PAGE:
the Simulator shows what it looks like a sunset on Earth, Venus, Mars, Uranus and other celestial bodies.
a Planetary scientist from space flight Center NASA Goddard have created a simulator that shows how could look like sunsets on other celestial bodies of the Solar system and beyond. Tool description is available on the website space Agency.
to explain the observed phenomena in space, astronomers often resort to the creation of models. Creating a simulation of the spectrum or imagery telescopes, they can create artificial data that show how it will look this or that phenomenon in the study of certain instruments, and then compare them with real observations. This approach not only allows to reduce the processing time, but helps not to miss important signal, to find it in the archived data and interpreted correctly.
Villanueva, Geronimo (Geronimo Villanueva) have created a simulator of sunsets on other planets and satellites during the development of a tool Planetary Spectrum Generator (PSG) for possible mission on Uranus. In the future, NASA is considering the possibility of sending an ice giant probe that will descend into the atmosphere to study its chemical composition. In this case, a computer program that allows to obtain a synthetic spectrum of the atmosphere and surface of planets in a wide range of electromagnetic waves (from 50 nanometers to 10 centimeters) can help to interpret the results of observations.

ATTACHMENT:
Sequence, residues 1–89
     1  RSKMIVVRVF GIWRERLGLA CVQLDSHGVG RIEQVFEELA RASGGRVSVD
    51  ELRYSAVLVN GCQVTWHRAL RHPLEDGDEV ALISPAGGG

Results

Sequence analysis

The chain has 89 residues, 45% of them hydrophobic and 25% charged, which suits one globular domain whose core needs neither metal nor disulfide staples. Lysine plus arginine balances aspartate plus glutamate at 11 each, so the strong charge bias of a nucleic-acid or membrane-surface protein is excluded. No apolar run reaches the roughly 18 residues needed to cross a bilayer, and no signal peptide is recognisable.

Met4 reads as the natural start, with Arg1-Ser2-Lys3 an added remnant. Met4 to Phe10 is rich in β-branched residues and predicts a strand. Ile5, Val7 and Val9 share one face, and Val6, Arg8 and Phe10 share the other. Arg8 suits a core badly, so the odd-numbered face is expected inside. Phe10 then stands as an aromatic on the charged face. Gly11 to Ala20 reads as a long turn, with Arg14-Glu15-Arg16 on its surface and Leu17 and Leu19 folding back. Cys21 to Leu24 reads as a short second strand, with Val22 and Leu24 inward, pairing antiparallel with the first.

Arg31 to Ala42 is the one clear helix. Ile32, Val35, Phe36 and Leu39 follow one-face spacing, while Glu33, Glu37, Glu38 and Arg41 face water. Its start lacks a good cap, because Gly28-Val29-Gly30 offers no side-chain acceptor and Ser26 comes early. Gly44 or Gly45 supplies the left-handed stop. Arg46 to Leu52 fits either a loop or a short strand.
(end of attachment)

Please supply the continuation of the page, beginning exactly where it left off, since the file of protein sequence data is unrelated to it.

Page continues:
to check the accuracy of his instrument, Villanueva modeled how it will look in the sky on different celestial bodies, and then compared some of the results obtained with real data. The animation shows a sunset for the observer on Venus, Earth, Mars, Uranus, Saturn’s largest moon Titan and earth-like planet TRAPPIST-1e, open the “Spitzer” in 2017. The white dot represents the location of the Sun.
For each object the sunset looks different from fact that solar radiation different dissipated in the atmosphere — this process is called Rayleigh scattering. For example, on Earth, the blue rays are scattered by air molecules is about 6 times stronger than red, and therefore the sky looks blue and the sun the redder, the closer it is to the horizon. On Uranus the sun’s light interacts with hydrogen, helium and methane in its atmosphere which absorb long-wave (red) part of the world. As a result, the sunset on the ice giant is a rich blue that gradually turns into a Royal blue with turquoise undertones.
In the past, NASA released an online simulator of the Curiosity Rover to the anniversary of his stay on the red planet, and published Mars Trek an interactive map of the surface of Mars, where you can also find the routes of the various Mars Rovers.
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